Vagaries of the weather can have a bearing on mental wellbeing & here are some ways to cope, while doing our bit to slow down climate change
After long summer days, when a spell of rain soothes the dusty earth, who doesn’t feel a sense of joy? Even the peacock breaks into a dance. But when the once-refreshing rain continues incessantly for days, causing floods, landslides and devastation, it triggers stress, anxiety, depression and fear. The changing faces of weather impacts human minds.
Climate is a common topic of conversation — as a casual mention of the weather of the day or a detailed discussion on seasonal changes. Dialogues on climate change, global warming and natural calamities due to the vagaries of weather have taken centre-stage in recent times after scientists and environmentalists worldwide have indicated that a gradual rise in the Earth’s temperature can spell doom for the planet. According to NASA, the Earth’s surface continues to be significantly warm, with recent global temperatures being the hottest in the past 2,000-plus years. Global climate change impacts the environment, economy, social life, and health of people everywhere.
While the consequences of climate change on health have been researched over the years and widely accepted, its impact on mental health is not yet well-established or studied adequately — but the situation is changing.
Impact of climate on human minds
Dr C Naveen Kumar, professor and head, Community Psychiatry unit and consultant, Centre for Disaster Management, Department of Psychiatry, National Institute of Mental Health and Neurosciences (NIMHANS), says, “There is increasing evidence that extreme weather events that are more frequent, intense and complex owing to a changing climate can trigger post-traumatic stress disorder (PTSD), major depressive disorder (MDD), anxiety, depression, complicated grief, survivor guilt, vicarious trauma, recovery fatigue, substance abuse, and suicidal ideation.” “Incremental climate changes, such as rising temperatures, rising sea levels, and episodic drought, can change natural landscapes, disrupt food and water resources, change agricultural conditions, change land use and habitation, weaken infrastructure and give rise to financial and relationship stress, increase risks of violence and aggression and displacement of entire communities,” he notes. “Long-term droughts affect food and water supplies and can subsequently affect the economic and mental well-being of land-based workers. They have also been increasingly linked to conflict and forced migration, which can influence psychosocial outcomes like the propensity for stress, PTSD, anxiety, and trauma,” the professor adds.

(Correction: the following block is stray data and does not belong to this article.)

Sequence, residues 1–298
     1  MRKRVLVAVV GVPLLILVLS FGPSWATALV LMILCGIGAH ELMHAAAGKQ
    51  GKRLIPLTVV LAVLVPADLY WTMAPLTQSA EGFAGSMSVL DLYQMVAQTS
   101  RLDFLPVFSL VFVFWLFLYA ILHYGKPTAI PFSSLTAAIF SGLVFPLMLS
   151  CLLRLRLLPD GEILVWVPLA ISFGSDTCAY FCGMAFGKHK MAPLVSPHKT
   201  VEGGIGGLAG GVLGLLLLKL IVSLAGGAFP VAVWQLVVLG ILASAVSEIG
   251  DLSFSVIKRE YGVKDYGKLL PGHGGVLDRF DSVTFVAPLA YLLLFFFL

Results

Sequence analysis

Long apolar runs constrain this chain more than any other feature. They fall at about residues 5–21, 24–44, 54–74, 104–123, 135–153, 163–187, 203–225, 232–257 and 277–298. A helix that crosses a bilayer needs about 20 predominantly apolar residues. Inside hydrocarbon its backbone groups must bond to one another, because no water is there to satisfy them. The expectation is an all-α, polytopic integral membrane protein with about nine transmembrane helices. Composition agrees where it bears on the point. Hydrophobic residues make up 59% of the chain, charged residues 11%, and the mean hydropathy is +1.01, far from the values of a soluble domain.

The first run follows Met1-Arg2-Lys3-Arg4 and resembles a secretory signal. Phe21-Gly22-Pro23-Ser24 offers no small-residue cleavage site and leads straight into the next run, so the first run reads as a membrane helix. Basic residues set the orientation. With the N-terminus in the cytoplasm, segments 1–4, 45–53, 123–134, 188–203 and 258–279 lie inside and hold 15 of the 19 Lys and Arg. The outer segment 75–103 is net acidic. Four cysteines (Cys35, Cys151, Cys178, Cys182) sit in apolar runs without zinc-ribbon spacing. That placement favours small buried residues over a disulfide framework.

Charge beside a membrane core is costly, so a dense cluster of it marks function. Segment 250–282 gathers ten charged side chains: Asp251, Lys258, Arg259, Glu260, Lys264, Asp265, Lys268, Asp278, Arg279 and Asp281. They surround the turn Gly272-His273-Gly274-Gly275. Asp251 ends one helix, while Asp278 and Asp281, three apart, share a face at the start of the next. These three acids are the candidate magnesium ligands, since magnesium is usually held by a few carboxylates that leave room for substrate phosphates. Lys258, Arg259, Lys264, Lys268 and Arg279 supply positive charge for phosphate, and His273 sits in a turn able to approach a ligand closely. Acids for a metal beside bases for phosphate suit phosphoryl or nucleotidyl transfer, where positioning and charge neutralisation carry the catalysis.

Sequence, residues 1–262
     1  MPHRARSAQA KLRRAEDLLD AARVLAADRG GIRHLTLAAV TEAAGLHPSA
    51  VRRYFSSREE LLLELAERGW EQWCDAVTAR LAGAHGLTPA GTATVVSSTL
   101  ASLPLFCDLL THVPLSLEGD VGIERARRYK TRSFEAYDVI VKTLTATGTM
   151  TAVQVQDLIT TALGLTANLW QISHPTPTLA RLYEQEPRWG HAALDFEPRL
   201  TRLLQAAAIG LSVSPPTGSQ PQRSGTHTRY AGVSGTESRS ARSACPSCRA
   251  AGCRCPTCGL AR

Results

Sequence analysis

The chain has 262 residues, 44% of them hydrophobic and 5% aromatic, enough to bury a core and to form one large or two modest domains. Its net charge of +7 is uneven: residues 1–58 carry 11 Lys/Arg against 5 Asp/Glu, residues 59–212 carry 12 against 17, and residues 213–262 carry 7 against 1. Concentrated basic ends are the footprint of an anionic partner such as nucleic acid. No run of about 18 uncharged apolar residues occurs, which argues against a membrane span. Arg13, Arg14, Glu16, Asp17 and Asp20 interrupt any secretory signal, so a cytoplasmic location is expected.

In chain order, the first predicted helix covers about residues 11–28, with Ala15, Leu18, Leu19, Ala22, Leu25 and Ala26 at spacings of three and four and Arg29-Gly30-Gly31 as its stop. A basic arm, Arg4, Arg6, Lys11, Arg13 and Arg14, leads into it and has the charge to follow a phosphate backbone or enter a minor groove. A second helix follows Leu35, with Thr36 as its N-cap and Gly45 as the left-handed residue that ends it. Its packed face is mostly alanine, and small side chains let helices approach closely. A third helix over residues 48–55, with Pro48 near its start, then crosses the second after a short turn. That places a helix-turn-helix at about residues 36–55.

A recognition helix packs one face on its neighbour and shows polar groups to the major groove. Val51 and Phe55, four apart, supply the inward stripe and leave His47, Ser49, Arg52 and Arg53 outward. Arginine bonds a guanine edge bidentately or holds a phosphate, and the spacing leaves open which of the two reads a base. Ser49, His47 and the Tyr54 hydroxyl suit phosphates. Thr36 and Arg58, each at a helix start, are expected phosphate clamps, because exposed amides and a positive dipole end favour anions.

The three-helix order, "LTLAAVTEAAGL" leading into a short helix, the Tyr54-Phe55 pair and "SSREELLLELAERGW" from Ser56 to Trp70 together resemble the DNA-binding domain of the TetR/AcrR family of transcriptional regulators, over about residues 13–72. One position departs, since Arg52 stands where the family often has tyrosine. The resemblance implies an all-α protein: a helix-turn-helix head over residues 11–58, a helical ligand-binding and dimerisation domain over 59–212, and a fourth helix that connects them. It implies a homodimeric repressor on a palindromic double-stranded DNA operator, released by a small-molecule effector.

Dr G Suresh Kumar, professor of psychiatry at the Government Hospital for Mental Care (GHMC), Visakhapatnam, says, “Even though we do not have conclusive studies and scientific data about the impact of global warming and climate change on human psyche, extremes of weather conditions do seem to affect the human mind and social behavior. It is seen that climatic conditions often determine the food habits, belief systems, culture and lifestyle of inhabitants of a particular region. Whenever natural calamities like floods, drought, cyclones and earthquakes occur, people suffer from anxiety, depression, PTSD and so on.”
He explains that “Chronic ailments can aggravate seasonally. Also, Seasonal Affective Disorder (SAD), a type of bipolar mood disorder, is prevalent and extremes of winter affect the mood of such patients, who swerve between mania and depression. Very cold and cloudy weather for prolonged periods can make sensitive people depressive, melancholic, even suicidal. Extremely hot weather on the other hand, can make vulnerable people aggressive, violent, angry, intolerant, irritable, lethargic and stressed out.”